The determination of the net fluxes from a mangrove estuary system
- Cite this article as:
- Simpson, J.H., Gong, W.K. & Ong, J.E. Estuaries (1997) 20: 103. doi:10.2307/1352724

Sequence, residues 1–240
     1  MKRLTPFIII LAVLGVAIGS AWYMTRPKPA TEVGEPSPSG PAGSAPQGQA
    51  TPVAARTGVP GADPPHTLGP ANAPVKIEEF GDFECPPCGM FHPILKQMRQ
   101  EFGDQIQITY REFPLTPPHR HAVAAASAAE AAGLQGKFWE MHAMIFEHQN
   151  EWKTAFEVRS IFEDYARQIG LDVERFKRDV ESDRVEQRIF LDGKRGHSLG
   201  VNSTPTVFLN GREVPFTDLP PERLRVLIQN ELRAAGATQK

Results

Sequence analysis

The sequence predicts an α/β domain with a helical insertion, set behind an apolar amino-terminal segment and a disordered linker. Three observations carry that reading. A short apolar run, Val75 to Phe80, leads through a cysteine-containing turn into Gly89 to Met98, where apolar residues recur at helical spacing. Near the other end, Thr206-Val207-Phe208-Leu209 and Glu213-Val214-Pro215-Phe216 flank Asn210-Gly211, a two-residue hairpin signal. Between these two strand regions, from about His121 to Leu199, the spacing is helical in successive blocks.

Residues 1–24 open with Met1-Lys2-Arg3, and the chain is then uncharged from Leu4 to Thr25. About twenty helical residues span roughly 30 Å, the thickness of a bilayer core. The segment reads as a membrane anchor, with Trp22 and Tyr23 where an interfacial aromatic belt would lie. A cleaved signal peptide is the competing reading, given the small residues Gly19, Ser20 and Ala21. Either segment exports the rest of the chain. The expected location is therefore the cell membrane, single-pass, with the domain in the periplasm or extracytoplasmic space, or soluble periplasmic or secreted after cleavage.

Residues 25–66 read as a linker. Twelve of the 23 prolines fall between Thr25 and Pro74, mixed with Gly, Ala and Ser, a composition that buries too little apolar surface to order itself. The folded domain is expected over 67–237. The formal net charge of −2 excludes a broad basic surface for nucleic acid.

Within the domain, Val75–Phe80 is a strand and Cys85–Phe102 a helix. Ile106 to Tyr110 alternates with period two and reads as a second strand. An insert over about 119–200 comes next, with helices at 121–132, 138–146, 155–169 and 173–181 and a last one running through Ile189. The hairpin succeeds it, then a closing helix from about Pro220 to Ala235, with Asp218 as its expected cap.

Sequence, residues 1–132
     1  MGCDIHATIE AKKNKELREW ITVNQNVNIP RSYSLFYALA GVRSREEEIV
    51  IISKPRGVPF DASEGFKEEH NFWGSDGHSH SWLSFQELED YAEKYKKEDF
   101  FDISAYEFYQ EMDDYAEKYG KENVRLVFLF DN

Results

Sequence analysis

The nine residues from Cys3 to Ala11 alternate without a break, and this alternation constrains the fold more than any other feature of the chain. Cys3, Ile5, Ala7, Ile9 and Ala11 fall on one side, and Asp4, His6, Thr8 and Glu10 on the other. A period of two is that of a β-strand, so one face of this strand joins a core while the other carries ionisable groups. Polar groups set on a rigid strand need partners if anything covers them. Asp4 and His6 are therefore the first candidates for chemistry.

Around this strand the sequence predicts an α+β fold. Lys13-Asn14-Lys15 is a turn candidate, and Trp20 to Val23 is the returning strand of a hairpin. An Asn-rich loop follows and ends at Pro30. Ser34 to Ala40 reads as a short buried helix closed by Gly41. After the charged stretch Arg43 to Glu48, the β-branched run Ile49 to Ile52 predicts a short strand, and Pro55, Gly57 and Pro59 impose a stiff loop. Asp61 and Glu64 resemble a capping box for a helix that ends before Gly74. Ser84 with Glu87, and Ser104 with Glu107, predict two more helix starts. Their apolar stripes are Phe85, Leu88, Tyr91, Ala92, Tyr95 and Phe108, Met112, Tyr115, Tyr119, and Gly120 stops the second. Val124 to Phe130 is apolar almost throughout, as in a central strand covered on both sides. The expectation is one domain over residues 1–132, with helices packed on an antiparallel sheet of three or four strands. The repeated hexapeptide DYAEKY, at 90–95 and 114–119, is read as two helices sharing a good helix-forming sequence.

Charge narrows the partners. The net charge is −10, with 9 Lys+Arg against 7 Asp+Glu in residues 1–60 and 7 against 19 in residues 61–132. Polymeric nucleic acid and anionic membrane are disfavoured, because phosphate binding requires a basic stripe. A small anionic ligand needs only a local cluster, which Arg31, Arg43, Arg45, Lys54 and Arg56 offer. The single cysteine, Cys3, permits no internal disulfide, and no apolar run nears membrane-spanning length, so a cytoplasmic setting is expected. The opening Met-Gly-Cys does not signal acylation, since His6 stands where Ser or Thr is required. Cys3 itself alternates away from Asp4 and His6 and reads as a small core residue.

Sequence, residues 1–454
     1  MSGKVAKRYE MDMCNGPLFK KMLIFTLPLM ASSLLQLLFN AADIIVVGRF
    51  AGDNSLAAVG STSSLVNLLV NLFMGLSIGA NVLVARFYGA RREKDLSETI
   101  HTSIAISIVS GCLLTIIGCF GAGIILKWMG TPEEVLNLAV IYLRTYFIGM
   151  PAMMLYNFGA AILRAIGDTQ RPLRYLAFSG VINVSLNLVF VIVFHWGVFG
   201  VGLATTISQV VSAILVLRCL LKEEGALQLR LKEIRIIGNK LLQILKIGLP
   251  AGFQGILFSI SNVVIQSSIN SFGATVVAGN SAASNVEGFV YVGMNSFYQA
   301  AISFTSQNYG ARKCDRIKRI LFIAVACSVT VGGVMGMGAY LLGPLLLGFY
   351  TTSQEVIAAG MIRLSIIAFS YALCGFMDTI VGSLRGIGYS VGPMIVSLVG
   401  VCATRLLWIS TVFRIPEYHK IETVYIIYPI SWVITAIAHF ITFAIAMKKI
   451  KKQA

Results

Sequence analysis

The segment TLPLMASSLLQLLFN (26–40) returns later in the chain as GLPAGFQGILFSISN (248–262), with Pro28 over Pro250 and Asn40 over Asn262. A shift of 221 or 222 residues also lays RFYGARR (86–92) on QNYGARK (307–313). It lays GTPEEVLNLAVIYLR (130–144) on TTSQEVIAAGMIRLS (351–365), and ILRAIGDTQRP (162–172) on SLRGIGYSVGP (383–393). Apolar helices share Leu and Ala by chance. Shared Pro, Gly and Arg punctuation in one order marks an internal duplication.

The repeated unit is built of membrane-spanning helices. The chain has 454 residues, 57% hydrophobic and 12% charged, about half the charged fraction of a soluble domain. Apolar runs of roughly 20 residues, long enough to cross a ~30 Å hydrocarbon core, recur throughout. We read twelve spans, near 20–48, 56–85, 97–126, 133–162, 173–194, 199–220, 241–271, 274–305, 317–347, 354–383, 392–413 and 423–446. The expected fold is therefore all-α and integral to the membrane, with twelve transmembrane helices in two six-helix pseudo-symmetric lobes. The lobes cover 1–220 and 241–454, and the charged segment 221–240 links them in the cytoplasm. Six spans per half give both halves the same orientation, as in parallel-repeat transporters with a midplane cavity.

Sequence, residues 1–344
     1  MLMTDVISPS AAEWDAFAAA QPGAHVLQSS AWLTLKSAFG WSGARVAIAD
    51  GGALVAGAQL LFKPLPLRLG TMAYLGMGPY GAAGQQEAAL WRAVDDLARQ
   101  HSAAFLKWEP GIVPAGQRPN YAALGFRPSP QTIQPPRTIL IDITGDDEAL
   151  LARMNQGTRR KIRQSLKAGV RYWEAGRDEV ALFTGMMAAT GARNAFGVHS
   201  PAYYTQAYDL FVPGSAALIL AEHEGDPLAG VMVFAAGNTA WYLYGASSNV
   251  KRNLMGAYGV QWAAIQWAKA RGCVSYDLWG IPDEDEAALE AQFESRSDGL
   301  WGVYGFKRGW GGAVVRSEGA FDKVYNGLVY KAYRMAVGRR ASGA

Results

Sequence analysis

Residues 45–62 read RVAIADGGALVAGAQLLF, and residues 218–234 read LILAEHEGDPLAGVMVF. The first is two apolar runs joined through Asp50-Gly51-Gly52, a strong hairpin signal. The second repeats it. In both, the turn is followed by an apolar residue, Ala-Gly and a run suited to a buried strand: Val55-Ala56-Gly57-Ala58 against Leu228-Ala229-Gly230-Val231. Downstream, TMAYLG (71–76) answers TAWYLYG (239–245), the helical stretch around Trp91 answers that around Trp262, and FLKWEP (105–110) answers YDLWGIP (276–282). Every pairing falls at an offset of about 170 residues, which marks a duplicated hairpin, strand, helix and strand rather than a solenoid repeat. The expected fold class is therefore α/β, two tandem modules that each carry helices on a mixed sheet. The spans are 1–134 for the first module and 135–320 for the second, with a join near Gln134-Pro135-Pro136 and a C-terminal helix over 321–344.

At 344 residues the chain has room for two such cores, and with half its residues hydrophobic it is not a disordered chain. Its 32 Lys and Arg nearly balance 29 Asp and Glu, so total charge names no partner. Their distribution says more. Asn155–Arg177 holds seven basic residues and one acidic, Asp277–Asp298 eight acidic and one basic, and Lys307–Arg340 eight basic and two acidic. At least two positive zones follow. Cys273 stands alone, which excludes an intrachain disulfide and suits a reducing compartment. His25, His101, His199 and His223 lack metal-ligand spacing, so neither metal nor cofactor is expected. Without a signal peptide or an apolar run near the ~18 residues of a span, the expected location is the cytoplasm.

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Determining the net exchange of constituents between a mangrove estuary system and the adjacent ocean has been re-examined using an extensive dataset from the Sungai Merbok a short, tidally energetic estuary in Malaysia. Previous analysis of the data had indicated that the time-mean sectionally averaged flow was not consistent with mass balance, apparently preventing meaningful estimation of net nutrient fluxes from the mangrove system. In this case the problem was aggravated by the lack of river gauge data and uncertainties introduced by the use of deflected-vane current meters to make the flow measurements. In an alternative approach to the analysis, we have sought to put bounds on the net discharge and hence obtain limits for the nutrient output from the estuary. Tide gauge measurements have been used in conjunction with the section flow data to determine the hypsometry of the mangrove system and hence yield an unbiased estimate of tidal transport Qt. A salt balance condition, appropriate to a mixed estuary is then applied to permit an estimate of Qf, the freshwater discharge. Qf determined this way is found to be close to zero and certainly less than estimates for the period (mean ≈7 m3 s−1) based on rainfall records and catchment area. The implication is that the combined effects of evaporation and transpiration are removing a large proportion of the fresh water entering the mangrove system from the rivers. The very low net discharge indicates total nitrogen exchange is dominated by the covariance of Qt with the sectionally averaged concentration Nt. The considerable variation in this latter term combined with the large amplitude of Qt results in a high variability of the nitrate flux so that the estimate of the mean (0.5 g s−1) is subject to substantial sampling uncertainty (SE=12 g s−1). The application of the salt balance condition to flux studies in other estuarine systems is considered. Particular attention is drawn to the requirements of this approach to flux determination and especially the need for good timing control to allow the proper determination of the tidal diffusion flux of salt and other components.